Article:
Chronic diseases affect mostly high income countries.
Four out of five chronic disease deaths are in low and middle income countries.
Low and middle income countries should control infectious diseases before they tackle chronic diseases.
While low and middle income countries continue to deal with the problems of infectious diseases, they are experiencing a rapid upsurge in chronic disease risk factors and deaths, especially in urban settings.
Chronic diseases mainly affect rich people.
In all but the least developed countries of the world, poor people are much more likely than the wealthy to develop chronic diseases and are more likely to die as a result. Moreover, chronic diseases cause substantial financial burden, and can push individuals and households into poverty.
Welcome to our on-line community for those interested in tackling non-communicable diseases (NCDs) around the world! To learn more about this project click here.
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The Young Professionals Chronic Disease Network (YP, the parent organization of NCD Action Network) is currently seeking an Executive Director to lead the organization as it transitions from start-up into growth phase. This (salaried) position provides an exciting role for a dynamic and globally-minded individual to lead and grow a global community of young professionals for action on non-communicable diseases (NCDs). The new Executive Director will be located at Harvard University and also…Continue
What image pops into your head when you hear the words: Non-Communicable Diseases?
Does it grab you in the same way, say, HIV or Malaria might? How does it make you feel inside…? Are you picturing some fat, lazy, middle-aged white guy nursing a beer on the couch?
I don’t imagine that guy. I’m haunted by the shadowy outline of the world’s number one serial killer, usually dressed in advertising...
The ugly truth is that the average Joe doesn’t worry too much about…Continue
I write to you with grassy-gravel digging into my backside and a 'People-Mover' tyre caressing my back. Our young team from the WHO are asking directions to our bug-filled cabins in rural Wangaratta, Victoria (Australia).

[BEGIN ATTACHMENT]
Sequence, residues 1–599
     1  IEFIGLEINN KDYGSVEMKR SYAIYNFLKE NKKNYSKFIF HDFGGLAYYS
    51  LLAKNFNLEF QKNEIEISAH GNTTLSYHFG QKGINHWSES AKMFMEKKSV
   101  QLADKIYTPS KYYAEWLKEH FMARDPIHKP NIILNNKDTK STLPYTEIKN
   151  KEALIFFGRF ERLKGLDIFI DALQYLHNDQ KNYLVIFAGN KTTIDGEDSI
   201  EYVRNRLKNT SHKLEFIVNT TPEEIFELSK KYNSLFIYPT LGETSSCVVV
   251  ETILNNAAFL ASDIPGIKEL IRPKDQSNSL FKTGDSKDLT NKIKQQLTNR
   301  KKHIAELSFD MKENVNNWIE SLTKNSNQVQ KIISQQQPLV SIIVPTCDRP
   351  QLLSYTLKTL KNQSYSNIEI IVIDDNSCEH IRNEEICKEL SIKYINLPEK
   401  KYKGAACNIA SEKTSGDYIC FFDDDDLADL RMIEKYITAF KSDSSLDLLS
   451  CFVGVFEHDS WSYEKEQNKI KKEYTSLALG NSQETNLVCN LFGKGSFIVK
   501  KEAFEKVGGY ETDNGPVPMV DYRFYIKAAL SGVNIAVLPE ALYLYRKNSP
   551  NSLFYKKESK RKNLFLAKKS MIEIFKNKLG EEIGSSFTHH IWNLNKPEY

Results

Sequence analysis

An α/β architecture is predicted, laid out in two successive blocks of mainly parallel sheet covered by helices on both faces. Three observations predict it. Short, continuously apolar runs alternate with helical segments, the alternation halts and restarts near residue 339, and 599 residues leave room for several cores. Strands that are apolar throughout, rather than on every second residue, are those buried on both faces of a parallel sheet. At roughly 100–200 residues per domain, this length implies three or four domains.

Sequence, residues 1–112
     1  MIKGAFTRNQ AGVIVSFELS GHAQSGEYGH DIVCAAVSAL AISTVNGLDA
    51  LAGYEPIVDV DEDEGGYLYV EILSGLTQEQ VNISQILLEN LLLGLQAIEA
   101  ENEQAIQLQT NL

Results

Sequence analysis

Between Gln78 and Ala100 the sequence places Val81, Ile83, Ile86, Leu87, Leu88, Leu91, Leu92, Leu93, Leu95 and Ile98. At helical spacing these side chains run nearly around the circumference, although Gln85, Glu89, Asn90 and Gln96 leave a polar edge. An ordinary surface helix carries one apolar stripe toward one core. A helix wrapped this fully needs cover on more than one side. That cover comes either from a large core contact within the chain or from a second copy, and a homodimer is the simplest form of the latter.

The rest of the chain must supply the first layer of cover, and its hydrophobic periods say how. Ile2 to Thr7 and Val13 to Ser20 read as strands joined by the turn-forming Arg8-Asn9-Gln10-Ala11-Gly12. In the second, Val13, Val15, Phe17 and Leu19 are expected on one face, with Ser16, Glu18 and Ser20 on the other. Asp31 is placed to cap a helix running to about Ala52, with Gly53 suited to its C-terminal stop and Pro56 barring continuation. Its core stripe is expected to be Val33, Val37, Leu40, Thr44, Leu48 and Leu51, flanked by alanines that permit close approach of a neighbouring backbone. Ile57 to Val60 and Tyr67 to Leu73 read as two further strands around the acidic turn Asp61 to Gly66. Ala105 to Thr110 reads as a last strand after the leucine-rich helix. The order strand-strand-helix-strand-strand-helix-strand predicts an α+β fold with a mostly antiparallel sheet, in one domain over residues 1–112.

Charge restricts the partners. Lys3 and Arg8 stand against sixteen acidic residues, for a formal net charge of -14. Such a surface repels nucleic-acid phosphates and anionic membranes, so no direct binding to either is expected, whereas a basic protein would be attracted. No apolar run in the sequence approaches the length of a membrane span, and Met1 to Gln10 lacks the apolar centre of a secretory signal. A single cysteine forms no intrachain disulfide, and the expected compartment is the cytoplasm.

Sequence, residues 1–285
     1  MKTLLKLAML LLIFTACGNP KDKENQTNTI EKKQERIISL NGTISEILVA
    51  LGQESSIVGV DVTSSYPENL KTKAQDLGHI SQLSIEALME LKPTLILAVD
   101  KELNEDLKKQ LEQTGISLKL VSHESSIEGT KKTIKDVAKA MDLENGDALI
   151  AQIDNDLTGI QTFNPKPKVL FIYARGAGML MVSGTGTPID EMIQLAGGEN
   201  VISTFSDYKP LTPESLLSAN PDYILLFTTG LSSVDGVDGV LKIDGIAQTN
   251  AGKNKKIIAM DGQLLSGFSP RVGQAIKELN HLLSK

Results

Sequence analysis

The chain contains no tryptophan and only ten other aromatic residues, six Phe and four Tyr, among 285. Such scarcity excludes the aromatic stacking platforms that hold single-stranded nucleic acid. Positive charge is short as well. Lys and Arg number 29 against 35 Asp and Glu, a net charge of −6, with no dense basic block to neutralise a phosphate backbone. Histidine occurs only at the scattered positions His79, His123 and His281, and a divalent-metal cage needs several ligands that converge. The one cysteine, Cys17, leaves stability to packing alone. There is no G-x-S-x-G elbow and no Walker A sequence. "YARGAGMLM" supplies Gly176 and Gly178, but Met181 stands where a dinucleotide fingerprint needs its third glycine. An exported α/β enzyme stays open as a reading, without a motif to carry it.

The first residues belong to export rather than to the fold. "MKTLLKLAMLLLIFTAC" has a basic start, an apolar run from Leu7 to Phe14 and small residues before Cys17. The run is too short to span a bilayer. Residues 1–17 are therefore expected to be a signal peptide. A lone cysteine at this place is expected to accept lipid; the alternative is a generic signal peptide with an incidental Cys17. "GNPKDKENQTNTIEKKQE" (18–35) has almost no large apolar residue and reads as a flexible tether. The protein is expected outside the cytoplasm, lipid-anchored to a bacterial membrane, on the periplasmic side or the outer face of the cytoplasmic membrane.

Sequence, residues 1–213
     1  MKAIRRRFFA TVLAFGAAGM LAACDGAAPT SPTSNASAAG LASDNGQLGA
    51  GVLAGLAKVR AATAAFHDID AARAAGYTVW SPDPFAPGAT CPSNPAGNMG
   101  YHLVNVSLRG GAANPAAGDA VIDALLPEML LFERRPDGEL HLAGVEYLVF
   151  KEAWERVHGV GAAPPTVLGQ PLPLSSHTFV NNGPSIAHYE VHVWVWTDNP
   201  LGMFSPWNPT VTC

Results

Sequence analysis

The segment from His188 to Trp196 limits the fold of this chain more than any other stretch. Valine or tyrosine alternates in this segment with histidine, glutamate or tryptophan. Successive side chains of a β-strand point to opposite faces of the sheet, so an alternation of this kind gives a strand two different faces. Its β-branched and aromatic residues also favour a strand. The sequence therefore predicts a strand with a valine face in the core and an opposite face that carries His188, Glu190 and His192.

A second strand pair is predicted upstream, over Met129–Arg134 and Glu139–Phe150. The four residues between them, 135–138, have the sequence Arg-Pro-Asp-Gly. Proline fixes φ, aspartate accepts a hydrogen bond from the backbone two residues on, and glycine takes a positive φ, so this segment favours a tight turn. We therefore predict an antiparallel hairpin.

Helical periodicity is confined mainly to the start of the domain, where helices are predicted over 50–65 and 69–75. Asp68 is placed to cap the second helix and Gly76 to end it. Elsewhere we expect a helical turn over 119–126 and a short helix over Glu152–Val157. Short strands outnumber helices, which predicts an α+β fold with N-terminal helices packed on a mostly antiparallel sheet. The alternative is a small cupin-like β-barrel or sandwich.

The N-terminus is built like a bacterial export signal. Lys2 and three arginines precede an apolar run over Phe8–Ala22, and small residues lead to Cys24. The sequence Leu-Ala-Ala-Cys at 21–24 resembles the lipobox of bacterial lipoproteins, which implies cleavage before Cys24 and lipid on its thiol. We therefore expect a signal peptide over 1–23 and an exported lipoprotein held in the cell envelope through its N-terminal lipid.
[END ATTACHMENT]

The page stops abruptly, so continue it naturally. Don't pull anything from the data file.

We have been on the road for weeks – interviewing 1000+ kids for their eating and activity habits as part of an ambitious Victorian investigation into childhood obesity. One thing that had me excited about this field-trip was an opportunity to…Continue
Duncan Matheka is a young health professional from the University of Nairobi (Kenya). He is also the African Delegate of the Young Professionals Chronic Disease Network (YPCDN) and coordinates the Kenyan chapters of YPCDN. He has led medical students and young professionals in research and community health promotion projects towards preventing and mitigating NCDs.…Continue
The escalating obesity epidemic has led an international group of nutrition researchers to focus on measuring how much progress countries are making in implementing healthy food policies.
“No country has reversed the obesity epidemic, in part because widely-recommended…Continue
SEEKING PARTICIPANTS FOR ARTICLEI am currently undergoing an internship at the Global Alliance for Chronic Diseases, a global secretariat which commissions research on prevention and cure for NCDs in…Continue
Sucre Blue needs your help to get a speaker spot at a the Feast for Good conference held in NYC this October. We are competing against 4 other organizations for vote online at the following link.…Continue
Greetings for enactment of Tobacco Control Law amendment bill Call for law compliance Bangladesh Anti-Tobacco Alliance (BATA) greeted Jatiya Sangsad for enactment of most desired Tobacco Control Law…Continue